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Making A Commitment To Loving

by Sherwood Stauffer

Even though this article uses the term “marriage” throughout, the thoughts expressed apply to any relationship where there exists a loving and enduring commitment to another person.  The term “marriage” is used only for the writer’s convenience in conveying the concept of commitment between partners in a loving relationship.

  • When you truly love someone, you do so without considering whether they deserve your love or not. You simply choose to love them, unconditionally.  In marriage, expecting love does not bring about love.  Loving behavior, however, most often does.
  • Love is a feeling, loving is a verb.  Loving is the “action” part of love.  It involves not only experiencing feelings of love, but it is also the sharing of loving behaviors with your partner. Loving behaviors do not always follow feelings of love.  Many times it is the just the opposite: Feelings of love often emerge out of loving behaviors.
  • Loving behaviors are neither token gestures, nor simple behavior exchanges – one for another. They are true gifts, given to your partner without expectations.  Behave lovingly toward your partner in many different ways.  Use more than words to express yourself to your loved one.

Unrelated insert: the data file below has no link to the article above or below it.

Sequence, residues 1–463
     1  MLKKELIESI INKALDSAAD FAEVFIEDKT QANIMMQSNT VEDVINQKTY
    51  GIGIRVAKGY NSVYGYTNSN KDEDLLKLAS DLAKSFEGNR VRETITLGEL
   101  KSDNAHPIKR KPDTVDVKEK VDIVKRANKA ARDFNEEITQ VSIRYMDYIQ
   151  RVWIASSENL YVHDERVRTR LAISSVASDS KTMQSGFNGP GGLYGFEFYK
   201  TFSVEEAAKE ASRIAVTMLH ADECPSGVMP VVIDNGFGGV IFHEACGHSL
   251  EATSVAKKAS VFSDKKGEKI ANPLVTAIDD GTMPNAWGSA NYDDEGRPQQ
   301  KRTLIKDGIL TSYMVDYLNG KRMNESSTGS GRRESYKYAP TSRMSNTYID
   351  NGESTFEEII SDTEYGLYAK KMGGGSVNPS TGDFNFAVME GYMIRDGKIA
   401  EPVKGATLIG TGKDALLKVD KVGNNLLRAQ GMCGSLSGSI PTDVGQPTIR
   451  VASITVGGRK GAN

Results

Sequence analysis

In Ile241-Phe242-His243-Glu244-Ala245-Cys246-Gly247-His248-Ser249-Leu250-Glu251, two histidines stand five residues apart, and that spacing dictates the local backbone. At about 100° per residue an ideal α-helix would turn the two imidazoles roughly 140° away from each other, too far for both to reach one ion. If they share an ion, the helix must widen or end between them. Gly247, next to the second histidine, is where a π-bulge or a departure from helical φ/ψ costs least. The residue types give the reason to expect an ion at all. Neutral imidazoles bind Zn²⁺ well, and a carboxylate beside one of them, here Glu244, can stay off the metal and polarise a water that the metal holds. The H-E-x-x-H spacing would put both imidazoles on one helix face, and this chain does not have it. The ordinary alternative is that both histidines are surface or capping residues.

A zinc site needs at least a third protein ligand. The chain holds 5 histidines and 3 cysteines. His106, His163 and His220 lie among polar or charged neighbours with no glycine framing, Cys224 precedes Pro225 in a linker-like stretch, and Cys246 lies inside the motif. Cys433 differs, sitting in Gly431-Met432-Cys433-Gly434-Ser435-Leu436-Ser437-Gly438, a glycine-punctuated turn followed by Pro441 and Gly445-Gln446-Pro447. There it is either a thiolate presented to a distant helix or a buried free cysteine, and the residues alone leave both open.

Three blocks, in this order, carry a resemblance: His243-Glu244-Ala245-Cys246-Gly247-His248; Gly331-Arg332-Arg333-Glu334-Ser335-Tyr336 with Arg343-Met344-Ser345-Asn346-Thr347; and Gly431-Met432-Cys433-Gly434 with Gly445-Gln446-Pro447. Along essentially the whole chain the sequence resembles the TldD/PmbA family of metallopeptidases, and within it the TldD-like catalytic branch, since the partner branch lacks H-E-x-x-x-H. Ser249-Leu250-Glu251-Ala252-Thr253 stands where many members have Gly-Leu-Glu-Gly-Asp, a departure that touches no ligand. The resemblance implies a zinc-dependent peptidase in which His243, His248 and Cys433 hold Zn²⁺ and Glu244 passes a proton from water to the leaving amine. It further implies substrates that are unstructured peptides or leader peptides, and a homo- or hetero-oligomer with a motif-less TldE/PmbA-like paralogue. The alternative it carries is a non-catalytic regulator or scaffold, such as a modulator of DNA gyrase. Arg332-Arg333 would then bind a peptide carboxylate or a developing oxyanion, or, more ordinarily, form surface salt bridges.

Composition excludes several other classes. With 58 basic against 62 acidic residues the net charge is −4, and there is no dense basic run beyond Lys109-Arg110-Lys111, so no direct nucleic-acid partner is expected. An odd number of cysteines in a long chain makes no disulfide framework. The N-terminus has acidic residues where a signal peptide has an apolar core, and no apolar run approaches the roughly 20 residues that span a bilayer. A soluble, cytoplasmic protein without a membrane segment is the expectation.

• Marriage is your personal promise (covenant) of what you will give to your partner and your relationship.  It is not a contract, made up of your expectations and obligations for your partner to fulfill.
  • Be a good marriage partner by learning how to positively interact with your partner and how to sustain and nurture your relationship.  The cost of learning how to do this is often painful.  Don’t expect it to be otherwise.  Some of the best marriages were built upon partners struggling to survive a difficult or endangered relationship.
  • A good marriage involves learning about your partner: learning about his or her dreams, goals, feelings, thoughts, beliefs, and behaviors.  You must know your partner in order to give the gifts that make him or her happy.  Learning about your partner requires both observing and listening.
  • Marriage requires constant nurturing of the relationship.  Marriages are not sustained by simply being together and living together.  Good marriages are built upon and sustained by the happiness found in sharing life together.
  • Participate in your marital relationship.  Marriage is not a passive existence with your partner.  You don’t just live in a house together - You live in a relationship together.  The term relationship implies active involvement with another person.  Demonstrate your presence in the relationship by being an active participant.  Share life.
  • Never abandon your partner!  He or she is your life’s partner.  Take care of one another, whatever the hardship, whatever the circumstances.